The Pakistani rupee witnessed its worst month since 1972, depreciating nearly Rs34.5, or more than 14%, against the US dollar. This is the biggest monthly drop in history, and is likely due to concerns over a delay in an International Monetary Fund (IMF) bailout program. The decline in the value of the Pakistani rupee was the worst globally after Ukraine’s currency for the month.
The risk of default has risen in recent months due to political uncertainty and a strengthening dollar, said Ankur Shukla, an economist for Bloomberg Economics in Mumbai.
“The main driver is more straightforward: fear the country may not secure aid from the IMF quickly enough to avoid following Sri Lanka into default,” Shukla said.
The rupee’s sharpest decline demonstrates the mounting concerns over the nation’s deteriorating external liquidity position. The foreign exchange reserves retained by the State Bank of Pakistan (SBP) have dwindled by $7.811 billion since February to $8.575 billion in July, sufficient to finance around six weeks of imports.
Concurrently, the current account deficit ballooned to $17.4 billion in July-June (the fiscal year 2021-22) from $2.8 billion a year ago. This upsurge in the current account gap is attributable to hefty imports amidst a spike in commodity prices
The stock market has not been reacting well to the political turmoil in Pakistan, as investors are worried that the country will default on its loans from the International Monetary Fund. Pakistan is working to reassure its creditors that it will not follow in Sri Lanka’s footsteps and intends to secure the necessary funding to avoid default.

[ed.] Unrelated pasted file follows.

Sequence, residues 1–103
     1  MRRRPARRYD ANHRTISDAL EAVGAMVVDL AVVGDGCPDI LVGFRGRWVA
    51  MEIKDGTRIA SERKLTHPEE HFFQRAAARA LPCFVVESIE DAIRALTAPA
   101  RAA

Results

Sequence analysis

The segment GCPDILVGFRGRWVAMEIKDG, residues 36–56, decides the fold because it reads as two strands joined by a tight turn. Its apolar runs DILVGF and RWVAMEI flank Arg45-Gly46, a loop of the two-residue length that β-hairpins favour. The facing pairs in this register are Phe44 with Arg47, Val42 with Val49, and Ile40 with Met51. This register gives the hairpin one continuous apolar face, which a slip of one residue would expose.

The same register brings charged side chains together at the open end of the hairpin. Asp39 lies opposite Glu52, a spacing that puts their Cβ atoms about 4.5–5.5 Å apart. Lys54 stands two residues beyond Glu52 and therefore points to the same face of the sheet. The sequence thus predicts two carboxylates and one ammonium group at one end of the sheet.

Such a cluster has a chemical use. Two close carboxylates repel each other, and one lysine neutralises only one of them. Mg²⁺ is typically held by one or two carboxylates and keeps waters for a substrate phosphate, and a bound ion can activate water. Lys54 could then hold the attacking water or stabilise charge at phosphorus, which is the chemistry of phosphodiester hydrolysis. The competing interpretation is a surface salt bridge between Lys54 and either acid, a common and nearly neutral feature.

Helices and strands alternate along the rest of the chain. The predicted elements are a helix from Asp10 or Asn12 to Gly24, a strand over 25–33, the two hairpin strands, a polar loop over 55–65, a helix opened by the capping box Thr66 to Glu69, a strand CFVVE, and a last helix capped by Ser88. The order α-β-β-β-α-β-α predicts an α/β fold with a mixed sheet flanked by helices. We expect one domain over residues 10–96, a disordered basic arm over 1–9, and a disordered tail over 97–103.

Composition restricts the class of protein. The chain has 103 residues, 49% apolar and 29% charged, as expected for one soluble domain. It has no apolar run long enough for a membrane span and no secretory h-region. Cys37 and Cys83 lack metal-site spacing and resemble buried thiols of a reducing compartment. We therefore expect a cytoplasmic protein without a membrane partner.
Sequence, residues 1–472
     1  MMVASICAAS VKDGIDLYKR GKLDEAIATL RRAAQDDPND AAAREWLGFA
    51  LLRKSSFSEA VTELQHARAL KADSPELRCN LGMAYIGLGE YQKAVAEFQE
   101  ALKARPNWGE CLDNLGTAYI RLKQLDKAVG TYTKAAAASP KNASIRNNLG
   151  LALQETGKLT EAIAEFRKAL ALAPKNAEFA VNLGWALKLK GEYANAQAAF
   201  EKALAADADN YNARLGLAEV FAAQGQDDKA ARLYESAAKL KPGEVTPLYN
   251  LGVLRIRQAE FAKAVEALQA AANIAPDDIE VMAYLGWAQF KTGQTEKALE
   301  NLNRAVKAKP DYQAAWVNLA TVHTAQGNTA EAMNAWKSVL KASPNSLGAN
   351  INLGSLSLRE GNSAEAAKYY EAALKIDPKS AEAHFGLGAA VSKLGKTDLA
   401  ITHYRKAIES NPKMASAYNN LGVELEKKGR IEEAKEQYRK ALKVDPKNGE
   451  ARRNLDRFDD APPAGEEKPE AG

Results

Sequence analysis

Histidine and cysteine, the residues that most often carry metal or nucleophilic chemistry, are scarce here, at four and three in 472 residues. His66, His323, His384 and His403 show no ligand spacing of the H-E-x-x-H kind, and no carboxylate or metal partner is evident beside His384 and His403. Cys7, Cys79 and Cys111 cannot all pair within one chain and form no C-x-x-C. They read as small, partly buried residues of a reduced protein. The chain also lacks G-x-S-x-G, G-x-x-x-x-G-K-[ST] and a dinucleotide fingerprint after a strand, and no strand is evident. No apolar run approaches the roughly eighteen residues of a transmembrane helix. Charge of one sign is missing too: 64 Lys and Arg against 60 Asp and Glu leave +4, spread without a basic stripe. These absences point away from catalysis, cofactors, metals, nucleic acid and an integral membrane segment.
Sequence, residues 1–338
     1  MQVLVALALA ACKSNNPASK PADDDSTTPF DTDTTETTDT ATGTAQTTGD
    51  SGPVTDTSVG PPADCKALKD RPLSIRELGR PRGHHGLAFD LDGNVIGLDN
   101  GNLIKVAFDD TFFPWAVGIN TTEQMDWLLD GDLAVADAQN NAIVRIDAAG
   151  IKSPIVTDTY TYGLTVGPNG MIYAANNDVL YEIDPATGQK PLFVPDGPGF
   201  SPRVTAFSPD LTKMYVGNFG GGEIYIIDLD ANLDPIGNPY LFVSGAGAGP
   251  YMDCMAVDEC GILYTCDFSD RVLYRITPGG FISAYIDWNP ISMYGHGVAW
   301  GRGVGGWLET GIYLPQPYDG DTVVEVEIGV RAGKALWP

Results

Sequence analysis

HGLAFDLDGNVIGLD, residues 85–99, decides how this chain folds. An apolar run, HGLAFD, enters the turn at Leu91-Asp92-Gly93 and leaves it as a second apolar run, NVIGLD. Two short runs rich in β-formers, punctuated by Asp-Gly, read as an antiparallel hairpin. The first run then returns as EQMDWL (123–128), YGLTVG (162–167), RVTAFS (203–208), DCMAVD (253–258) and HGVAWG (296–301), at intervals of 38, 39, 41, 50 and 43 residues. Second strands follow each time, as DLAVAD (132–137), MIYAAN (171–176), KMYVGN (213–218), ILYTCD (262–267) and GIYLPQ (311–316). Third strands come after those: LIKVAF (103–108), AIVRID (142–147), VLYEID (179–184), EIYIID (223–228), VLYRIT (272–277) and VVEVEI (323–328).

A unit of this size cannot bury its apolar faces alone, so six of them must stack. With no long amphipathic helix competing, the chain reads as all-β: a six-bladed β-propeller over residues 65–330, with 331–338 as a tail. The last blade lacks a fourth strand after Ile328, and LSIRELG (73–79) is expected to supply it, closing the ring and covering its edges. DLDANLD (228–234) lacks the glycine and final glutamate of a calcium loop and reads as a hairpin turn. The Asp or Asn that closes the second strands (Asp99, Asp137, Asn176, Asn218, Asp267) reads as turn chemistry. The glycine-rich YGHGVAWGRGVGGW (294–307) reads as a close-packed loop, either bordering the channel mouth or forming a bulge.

In a research note, Arif Habib Limited stated that the political risks and shifting paradigms took a toll on the foreign investors/creditors’ confidence, hence contributing largely to bringing the rupee under pressure.
“Although we believe that the rupee still has inherent depreciation bias in the long-term, in the short term, we expect some stability to be restored. We attribute this short-term stability conditional on inflows from bilateral and multilateral creditors, IMF inflows, and strengthening of some macro-economic variables along with SBP attempts to curb market speculation.”
Nonetheless, the reports of the country’s army chief requesting the US to expedite $1.2 billion of new funding for Pakistan, as well as expectations of early elections, have calmed the nerves of investors.
On Friday, the rupee succeeded in recovering some of its losses from the previous day, closing at 239.37 per dollar. This is in contrast to its value of 239.94 on Thursday. In other words, the rupee appreciated by 0.24% on a day-to-day basis.
After depreciating by a drastic 13.31% in the last 10 trading sessions, the rebound of the local unit came as a surprise. That said, the rupee is still under a lot of pressure in the black market, where it lost Rs4 and was thus trading at 244 against the US dollar.